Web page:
Magazine article The New Yorker

Bar-Mitzvah Boy

Magazine article The New Yorker

Bar-Mitzvah Boy

Article excerpt

BAR-MITZVAH BOY

--Mark Singer

Please. No one is criticizing. No one. It just needs to be made clear that the noisy celebration (mostly from the music--oy) one recent weeknight in the vaulted-ceilinged brass-chandeliered refectory of the General Theological Seminary, in Chelsea--an event attended by hundreds of stylish strivers wearing red Kabbalah bracelets and red felt yarmulkes imprinted with the host company's logo--was a prototype. This was not--not yet, anyway--the gold standard for a fusion bar mitzvah.

The principal celebrant was Jonah Disend, forty-one years old, trim, dark-bearded, the founder and chief executive of Redscout, a branding and product-development company that opened for business in his apartment in 2000 and now occupies two floors of a building in the Flatiron district plus an office in San Francisco, with clients all over the map. Among Redscout's killer concepts: AirCraft, "a differentiated experience in the air care category that went beyond scent masking/neutralizing or scent delivery to a new scent behavior called Scentmaking"; Ingenuity(TM), Parker Pen's "first ever hybrid ballpoint/fountain pen with the romance and luxury appeal of a fountain pen and the practicality of a ballpoint"; and the Gatorade G-Series, which transformed that "brand and business from introducing new flavors for people watching sports on the couch to innovating for real athletes and their needs."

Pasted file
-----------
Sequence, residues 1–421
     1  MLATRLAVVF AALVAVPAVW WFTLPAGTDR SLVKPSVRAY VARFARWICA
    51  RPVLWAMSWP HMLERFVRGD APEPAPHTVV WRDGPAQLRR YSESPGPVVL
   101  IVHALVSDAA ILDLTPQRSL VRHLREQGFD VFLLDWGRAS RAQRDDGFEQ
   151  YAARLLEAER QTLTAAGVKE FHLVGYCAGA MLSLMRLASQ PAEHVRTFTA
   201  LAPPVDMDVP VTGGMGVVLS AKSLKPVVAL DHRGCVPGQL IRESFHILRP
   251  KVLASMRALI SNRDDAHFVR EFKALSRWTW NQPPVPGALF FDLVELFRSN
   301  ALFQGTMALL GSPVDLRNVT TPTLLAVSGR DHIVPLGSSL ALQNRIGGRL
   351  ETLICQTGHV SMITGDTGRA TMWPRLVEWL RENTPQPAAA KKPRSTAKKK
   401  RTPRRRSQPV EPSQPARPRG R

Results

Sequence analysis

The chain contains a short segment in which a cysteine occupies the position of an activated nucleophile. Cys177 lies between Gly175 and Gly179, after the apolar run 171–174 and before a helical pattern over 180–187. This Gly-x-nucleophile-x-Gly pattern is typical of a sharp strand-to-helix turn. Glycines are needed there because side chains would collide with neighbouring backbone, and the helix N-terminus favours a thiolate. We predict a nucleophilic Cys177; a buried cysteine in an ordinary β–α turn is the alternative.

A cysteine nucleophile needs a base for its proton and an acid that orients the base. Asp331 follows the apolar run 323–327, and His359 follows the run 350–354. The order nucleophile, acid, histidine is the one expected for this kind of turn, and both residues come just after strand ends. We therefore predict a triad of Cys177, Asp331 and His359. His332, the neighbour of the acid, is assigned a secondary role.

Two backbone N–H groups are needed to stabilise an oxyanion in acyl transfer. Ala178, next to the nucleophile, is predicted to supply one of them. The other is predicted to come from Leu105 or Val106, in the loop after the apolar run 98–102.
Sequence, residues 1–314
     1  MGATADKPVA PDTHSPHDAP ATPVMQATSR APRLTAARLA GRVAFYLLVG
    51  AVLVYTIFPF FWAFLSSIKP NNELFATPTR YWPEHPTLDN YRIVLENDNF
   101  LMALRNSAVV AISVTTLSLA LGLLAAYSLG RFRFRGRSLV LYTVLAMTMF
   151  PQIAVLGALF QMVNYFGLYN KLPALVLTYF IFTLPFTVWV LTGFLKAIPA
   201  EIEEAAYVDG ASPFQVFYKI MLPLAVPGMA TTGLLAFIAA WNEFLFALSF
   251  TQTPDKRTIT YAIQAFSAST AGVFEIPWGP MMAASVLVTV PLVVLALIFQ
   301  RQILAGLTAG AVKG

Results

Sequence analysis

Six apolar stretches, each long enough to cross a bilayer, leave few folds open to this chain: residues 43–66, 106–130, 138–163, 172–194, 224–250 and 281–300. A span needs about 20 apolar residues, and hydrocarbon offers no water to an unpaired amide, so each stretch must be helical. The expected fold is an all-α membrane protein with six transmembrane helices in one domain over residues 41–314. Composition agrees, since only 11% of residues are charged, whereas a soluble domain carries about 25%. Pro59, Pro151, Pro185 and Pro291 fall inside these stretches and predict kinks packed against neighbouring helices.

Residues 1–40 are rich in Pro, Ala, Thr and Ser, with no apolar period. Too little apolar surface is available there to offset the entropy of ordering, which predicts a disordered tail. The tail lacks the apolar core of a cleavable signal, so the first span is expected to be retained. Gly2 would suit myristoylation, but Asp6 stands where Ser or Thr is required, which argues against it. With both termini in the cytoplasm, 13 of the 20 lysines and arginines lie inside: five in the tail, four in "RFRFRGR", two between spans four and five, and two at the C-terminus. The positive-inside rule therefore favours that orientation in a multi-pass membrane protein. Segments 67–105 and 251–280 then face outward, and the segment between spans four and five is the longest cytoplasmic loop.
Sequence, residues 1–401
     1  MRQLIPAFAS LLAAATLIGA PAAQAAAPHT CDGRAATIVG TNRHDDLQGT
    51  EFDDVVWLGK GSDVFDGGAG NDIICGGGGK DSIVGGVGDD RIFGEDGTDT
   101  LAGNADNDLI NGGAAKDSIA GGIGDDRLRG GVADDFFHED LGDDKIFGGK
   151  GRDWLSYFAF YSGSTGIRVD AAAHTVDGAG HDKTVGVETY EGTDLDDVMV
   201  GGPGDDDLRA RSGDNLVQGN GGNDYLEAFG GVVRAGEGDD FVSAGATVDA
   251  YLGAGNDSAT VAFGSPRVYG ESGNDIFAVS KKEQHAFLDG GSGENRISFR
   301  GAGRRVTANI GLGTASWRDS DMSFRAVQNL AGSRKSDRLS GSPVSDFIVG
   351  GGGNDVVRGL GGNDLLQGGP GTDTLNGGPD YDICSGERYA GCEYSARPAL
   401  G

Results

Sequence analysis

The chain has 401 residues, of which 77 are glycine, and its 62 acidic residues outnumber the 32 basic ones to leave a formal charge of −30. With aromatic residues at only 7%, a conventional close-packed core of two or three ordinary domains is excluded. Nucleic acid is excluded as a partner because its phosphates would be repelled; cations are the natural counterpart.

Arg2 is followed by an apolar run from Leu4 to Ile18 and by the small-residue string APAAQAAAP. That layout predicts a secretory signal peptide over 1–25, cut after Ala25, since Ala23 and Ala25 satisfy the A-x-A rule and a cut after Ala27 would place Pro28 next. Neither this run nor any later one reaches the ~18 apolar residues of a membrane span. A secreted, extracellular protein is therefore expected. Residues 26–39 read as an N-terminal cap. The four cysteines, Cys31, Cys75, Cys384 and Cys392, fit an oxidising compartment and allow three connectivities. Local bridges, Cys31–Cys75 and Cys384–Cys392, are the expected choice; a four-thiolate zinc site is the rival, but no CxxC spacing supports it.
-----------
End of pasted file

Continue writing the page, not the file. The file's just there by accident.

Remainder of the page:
Emboldened by a belief that he now knows a thing or two, plus the fact that Redscout was turning thirteen, Disend a few months ago got the inspiration to rebrand the bar mitzvah--traditionally a life-cycle ritual regarded with gravitas by devout observers of Judaism, a recognized religion--as an office-party motif.

A couple of days before the event, he sat in his office and reflected upon this milestone.

"I grew up in Newton, Massachusetts, and spent seventh and eighth grades going to a lot of bar mitzvahs without having my own," he said. "Thirteen is the most interesting time. A time of deep confusion and yet enough intellectual ability to do really interesting things. We're most creative in that period. You still have an imagination and you're figuring it all out. I remember thirteen very well.

"This is our annual party, but calling it a bar mitzvah--well, there's the symbolism of it all. And then there's the fun, to be silly and celebrate. My clients think it's creative and funny. It feels very on-brand for us. A little bit kooky.

"I have a knack for understanding consumer culture, and I think I'm an incredibly good listener. …

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